The Dixie Blues are seventh in WFA in scoring defense, allowing an average of under 12 points per game. Jacksonville cornerback Jackie Huffman leads the league with eight interceptions on the year.
On the other side, Atlanta will be playing in their fourth straight Southeast Region championship game. As mentioned, Atlanta lost to Jacksonville in the Southeast Region title game in 2012, but they bounced back to win their first regional championship in 2013 over the Miami Fury, 28-24. They made their third appearance in the Southeast Region title game in 2014, but they fell to Miami Fury last year by a 9-7 score.
As is the case with all three Southeast playoff teams, defense is Atlanta’s strength. Defensive end Amanda Lewis leads the WFA in sacks (10) and is second in fumble recoveries (four). Lewis also ranks in the top ten in the league in tackles for loss (17).
This game is expected to be the biggest tossup of the weekend. It features Jacksonville, who dominated in the Southeast for about a decade but who fell off after 2012, trying to recapture their regional throne. But to do so, they need to unseat the Atlanta Phoenix, who replaced Jacksonville as the region’s dominant team when the Dixie Blues took a step back the past few years. Jacksonville has been tabbed as a six-point favorite…it should be an outstanding game.
West Michigan Mayhem @ Boston Renegades
The Boston Renegades were the story of the women’s football offseason. The sport’s reigning dynasty, the Boston Militia, abruptly folded on the eve of training camp. Several elite players and coaches from that franchise who were seemingly left stranded by the move quickly reorganized into the Boston Renegades.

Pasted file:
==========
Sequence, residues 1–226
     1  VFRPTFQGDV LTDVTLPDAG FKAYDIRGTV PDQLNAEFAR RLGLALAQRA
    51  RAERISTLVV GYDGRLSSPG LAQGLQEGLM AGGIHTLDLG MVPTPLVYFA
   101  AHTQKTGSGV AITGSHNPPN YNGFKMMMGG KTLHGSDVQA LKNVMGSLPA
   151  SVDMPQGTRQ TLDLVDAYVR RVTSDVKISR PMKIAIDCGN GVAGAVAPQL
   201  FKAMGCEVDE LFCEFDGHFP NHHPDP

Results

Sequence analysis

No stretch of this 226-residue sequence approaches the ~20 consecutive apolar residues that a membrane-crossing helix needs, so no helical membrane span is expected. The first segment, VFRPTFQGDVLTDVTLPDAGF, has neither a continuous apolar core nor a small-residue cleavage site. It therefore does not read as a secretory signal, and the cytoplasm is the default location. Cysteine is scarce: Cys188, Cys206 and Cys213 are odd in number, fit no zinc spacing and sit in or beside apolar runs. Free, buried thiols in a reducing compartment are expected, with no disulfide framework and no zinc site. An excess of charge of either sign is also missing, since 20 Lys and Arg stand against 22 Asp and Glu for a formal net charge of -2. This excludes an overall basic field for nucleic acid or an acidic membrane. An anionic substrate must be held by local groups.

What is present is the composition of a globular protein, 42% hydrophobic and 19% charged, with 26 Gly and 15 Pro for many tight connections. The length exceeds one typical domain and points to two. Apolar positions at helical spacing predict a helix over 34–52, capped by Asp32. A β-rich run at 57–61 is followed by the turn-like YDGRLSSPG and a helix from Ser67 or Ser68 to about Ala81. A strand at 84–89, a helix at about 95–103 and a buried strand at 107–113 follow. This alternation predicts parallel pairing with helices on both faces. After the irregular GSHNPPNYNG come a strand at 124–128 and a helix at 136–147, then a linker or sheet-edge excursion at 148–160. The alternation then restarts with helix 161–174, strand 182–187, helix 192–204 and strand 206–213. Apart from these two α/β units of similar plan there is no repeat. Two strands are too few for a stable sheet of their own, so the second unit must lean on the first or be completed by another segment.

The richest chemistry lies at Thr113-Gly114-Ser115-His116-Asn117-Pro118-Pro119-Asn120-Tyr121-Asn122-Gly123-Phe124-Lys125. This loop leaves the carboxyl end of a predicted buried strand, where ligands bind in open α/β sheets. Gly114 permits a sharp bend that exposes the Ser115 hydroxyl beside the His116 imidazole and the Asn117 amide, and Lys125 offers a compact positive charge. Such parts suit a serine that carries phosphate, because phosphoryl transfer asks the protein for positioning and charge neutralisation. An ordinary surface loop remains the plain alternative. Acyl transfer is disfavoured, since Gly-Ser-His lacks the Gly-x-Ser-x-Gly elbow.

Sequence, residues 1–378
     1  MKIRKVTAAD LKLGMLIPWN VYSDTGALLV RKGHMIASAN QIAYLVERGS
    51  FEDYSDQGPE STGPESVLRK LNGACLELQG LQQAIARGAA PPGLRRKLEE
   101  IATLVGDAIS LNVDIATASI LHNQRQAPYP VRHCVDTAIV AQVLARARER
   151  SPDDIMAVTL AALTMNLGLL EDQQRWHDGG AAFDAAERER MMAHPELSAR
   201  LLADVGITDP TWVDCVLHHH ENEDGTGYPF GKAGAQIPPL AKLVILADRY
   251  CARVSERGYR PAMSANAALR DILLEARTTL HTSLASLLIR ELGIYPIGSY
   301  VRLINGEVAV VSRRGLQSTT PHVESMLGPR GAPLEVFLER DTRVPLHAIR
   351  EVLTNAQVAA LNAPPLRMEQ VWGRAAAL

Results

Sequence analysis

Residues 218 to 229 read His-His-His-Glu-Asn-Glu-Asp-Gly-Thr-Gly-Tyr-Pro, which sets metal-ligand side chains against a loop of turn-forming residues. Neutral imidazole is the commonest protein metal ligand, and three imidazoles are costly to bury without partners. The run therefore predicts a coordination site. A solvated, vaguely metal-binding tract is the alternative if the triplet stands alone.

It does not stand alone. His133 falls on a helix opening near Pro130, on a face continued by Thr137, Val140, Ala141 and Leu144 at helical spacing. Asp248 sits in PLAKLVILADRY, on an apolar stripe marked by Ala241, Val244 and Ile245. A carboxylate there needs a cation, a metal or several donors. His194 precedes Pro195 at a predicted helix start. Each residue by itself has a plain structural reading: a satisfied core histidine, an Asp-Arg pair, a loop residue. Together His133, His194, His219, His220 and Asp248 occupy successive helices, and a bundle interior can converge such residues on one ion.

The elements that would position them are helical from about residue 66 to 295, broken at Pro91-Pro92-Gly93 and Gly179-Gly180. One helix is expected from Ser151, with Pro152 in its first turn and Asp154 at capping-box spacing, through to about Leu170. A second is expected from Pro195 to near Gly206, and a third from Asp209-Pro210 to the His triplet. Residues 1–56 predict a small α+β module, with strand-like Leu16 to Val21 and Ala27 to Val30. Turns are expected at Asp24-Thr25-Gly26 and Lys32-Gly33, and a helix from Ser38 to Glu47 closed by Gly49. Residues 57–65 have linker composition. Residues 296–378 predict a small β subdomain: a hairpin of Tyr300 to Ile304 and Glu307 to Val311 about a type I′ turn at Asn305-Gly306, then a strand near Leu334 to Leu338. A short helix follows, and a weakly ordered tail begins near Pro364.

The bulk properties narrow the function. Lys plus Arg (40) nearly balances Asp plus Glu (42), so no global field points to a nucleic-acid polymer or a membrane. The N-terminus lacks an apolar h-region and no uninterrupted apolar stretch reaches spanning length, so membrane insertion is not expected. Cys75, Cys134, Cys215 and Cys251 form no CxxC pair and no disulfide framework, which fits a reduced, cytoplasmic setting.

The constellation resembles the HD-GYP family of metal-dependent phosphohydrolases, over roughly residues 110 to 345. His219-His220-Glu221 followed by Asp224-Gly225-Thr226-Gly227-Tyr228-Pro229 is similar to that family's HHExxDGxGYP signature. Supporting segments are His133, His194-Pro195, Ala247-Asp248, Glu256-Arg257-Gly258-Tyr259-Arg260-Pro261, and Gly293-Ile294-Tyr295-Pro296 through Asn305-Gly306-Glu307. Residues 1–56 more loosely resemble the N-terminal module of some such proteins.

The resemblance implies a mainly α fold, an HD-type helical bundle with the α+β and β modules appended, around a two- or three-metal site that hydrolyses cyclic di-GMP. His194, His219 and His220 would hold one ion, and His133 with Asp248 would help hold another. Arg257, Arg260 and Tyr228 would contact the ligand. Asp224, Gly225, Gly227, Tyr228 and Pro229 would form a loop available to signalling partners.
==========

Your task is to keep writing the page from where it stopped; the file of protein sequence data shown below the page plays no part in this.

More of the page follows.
While expansion teams in most sports usually suffer through a difficult adjustment process, women’s football is a different animal. Despite being a first-year team, the Renegades were immediately stocked with a core of players who had helped the now-defunct Militia capture three national titles in five years. The Renegades were instantly established as a championship contender, and in their first year, they captured the top seed in Northeast Region. They did so thanks to narrow, dramatic road wins over the Cleveland Fusion (24-20) and the Chicago Force (30-24 in OT), the second- and third-seeded teams in this region.
The Renegades are a talented team with 12 All-Americans, the most in the WFA this season. They are led by All-American Allison Cahill at quarterback, who ranks ninth in the WFA in passing yards (936). Her favorite receiving target is two-time IFAF gold medal winner Adrienne Smith, who is tenth in WFA with 424 receiving yards. In the running game, the Renegades suffered a huge blow when they lost Whitney Zelee, their record-setting running back, to a season-ending injury, but they have brought in the talented Stacey Tiamfook from New Jersey to fill those shoes. Not to be overlooked, the Renegades’ strong defense – led by linebacker Jennifer Dulski, the former standout with the Chicago Force and Pittsburgh Passion – ranks third in the WFA this season.
On the other side, let’s give it up for the West Michigan Mayhem. West Michigan may not immediately leap to mind when listing off the great enduring organizations in women’s football, but that would be an oversight. The Mayhem are impressively making their tenth playoff appearance in franchise history this year. They sealed up their spot by bookending losses to playoff teams Chicago and Cleveland with a six-game winning streak in the middle of the season.